The new play is being staged at the National Theatre, which McDermott and Simpson have written into their adaptation. They explicitly link it to the 1972 opening of the National, depicting Laurence Olivier's handing of the reins to Peter Hall as symbolic of the passing of the old actor managers' companies in favour of buildings run by professional directors.

"How do you control actors?" says Stirling. "You employ them." And it wasn't the Rigg connection, but Stirling's- other most famous appurtenance-that dildo, that made McDermott-and Simpson think of employing her. "They'd seen me impersonating a boy in Tipping the Velvet," she grins.

"The costume department are making me a cock. It's the second one I've had made for me, although I also played a boy in a film called The Triumph of Love. But then I just had a handkerchief in my trousers ...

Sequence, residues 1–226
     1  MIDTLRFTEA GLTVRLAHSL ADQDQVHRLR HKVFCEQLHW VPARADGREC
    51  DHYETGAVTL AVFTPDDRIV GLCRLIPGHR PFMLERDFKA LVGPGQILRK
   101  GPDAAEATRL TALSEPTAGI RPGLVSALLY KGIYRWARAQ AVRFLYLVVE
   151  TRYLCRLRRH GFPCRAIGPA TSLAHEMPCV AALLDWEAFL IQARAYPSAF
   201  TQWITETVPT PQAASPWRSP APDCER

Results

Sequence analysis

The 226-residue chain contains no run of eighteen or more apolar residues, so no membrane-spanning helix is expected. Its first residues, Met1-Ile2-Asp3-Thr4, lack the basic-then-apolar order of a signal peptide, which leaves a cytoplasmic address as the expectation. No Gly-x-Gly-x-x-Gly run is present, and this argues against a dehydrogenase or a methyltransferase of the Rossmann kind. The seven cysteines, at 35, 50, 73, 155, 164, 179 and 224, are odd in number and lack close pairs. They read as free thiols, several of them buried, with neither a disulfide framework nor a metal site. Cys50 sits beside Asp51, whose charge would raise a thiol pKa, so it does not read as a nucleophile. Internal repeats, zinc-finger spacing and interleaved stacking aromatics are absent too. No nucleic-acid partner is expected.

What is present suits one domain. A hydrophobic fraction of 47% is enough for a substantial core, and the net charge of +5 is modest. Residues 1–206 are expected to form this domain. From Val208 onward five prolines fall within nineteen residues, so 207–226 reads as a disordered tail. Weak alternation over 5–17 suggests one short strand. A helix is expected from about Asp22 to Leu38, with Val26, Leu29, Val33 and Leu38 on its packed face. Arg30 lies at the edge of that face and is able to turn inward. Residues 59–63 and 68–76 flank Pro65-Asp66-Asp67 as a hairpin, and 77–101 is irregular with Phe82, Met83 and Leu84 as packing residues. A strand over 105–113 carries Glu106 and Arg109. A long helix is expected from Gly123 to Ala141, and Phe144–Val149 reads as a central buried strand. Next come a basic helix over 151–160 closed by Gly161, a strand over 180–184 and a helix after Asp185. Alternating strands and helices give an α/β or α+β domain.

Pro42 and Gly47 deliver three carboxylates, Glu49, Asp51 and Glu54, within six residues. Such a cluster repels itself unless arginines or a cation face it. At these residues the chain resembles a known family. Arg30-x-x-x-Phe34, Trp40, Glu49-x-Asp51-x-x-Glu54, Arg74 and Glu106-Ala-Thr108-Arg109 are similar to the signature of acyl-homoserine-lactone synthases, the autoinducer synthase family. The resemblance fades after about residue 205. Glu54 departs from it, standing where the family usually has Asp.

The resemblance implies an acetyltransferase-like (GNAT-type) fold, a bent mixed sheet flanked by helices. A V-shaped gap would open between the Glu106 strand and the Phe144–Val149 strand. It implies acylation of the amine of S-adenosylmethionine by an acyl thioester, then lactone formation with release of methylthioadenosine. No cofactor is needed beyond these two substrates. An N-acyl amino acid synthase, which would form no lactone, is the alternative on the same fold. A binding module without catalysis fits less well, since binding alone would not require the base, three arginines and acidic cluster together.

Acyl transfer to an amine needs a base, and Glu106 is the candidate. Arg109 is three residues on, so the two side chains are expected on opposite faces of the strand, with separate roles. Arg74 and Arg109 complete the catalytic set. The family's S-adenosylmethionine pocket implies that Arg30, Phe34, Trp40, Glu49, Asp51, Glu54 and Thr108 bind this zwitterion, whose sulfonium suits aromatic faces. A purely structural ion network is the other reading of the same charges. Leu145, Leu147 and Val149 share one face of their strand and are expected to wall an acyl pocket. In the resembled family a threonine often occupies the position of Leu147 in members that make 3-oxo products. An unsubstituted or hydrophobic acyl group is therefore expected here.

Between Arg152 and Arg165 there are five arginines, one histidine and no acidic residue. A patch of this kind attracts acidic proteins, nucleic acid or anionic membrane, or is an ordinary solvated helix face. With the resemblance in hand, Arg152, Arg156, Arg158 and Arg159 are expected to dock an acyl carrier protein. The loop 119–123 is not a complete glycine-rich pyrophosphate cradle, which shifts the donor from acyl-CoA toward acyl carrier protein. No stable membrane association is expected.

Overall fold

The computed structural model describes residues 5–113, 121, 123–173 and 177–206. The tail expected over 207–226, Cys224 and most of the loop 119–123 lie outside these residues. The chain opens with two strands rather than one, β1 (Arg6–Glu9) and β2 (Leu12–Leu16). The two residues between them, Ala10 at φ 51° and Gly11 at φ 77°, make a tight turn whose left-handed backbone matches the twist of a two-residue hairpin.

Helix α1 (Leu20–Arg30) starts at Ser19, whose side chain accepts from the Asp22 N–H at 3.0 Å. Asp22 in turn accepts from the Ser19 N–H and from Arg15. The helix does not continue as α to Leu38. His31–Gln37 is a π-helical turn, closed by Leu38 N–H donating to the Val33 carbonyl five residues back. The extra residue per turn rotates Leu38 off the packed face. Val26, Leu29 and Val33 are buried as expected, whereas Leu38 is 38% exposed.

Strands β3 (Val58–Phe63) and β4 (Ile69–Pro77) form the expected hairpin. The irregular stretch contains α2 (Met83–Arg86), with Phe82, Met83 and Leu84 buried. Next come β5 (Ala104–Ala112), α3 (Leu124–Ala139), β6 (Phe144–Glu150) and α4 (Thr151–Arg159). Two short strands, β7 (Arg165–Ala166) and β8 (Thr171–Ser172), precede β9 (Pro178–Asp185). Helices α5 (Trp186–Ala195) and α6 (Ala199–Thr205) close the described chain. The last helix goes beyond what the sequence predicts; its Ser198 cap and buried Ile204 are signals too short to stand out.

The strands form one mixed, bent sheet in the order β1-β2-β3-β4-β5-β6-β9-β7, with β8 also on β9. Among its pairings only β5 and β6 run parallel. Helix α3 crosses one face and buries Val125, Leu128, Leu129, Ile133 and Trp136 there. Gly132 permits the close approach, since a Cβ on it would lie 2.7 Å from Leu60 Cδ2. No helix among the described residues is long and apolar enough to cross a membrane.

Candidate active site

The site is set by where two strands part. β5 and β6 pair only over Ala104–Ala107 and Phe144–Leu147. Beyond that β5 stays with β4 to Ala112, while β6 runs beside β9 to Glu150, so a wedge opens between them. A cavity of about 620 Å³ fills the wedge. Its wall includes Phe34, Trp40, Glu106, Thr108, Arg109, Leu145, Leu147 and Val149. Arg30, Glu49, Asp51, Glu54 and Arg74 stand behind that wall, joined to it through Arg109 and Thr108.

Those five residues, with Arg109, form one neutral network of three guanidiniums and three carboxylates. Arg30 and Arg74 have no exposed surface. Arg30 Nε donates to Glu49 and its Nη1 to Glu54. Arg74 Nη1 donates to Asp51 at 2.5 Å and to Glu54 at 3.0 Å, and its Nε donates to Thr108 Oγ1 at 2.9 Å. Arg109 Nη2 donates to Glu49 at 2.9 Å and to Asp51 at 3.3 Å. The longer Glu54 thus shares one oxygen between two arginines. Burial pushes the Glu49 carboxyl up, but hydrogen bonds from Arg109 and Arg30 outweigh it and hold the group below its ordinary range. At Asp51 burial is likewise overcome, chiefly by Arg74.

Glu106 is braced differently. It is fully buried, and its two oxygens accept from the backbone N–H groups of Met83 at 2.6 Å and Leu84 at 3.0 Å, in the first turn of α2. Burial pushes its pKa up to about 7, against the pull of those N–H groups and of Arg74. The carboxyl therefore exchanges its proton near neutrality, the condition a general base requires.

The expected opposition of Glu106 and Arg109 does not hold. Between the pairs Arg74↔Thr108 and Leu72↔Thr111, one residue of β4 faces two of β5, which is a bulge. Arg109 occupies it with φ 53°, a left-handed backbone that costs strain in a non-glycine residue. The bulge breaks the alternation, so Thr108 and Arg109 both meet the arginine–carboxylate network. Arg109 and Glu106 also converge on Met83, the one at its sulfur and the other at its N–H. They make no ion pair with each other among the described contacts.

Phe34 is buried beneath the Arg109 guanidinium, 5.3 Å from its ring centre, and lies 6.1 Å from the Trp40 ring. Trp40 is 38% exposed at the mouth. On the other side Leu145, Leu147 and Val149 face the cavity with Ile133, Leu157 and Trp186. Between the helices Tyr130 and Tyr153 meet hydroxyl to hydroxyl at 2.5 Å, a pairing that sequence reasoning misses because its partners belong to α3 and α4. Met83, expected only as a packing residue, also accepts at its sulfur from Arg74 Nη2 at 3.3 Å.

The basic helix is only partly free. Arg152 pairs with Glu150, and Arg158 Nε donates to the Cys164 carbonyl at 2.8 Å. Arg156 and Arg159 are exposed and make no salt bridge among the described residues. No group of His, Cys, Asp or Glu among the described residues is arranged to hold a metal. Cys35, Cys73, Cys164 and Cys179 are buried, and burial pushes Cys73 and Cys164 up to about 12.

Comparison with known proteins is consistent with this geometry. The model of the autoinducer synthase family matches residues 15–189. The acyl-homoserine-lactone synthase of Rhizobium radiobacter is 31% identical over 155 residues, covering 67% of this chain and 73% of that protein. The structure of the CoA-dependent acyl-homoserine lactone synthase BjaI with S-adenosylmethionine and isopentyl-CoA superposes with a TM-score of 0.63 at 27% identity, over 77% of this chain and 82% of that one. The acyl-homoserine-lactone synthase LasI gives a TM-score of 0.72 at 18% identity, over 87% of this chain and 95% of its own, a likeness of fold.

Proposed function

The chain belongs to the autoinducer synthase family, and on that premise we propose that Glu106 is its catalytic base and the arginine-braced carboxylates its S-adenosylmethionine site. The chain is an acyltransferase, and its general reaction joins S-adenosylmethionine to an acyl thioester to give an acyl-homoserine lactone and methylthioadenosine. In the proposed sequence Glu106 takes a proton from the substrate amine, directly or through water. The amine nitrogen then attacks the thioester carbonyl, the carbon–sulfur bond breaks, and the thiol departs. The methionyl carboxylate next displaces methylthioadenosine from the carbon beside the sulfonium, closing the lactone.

"We had a real-life prosthetic, the kind transvestites wear, brought in from New York for this show, but it wasn't big enough. So, they're making me a nine-incher from lentils. I have still got the one from Tipping the Velvet, although it's gone a bit green. I wonder if I'll end up with an armoury of them in years to come..."

Ahem, let's change the subject.

Isn't the idea of killing critics every actor's dream? "I thought it might be rather empowering," she admits, "but actually we end up making a pretty good argument for critics. We went through this bizarre cathartic process in rehearsals where we all read out our own worst reviews and, of course, they were hilarious.

"You come to a realisation that when you get a bad review, the reason it stings is that you have an inner critic that agrees, however slightly.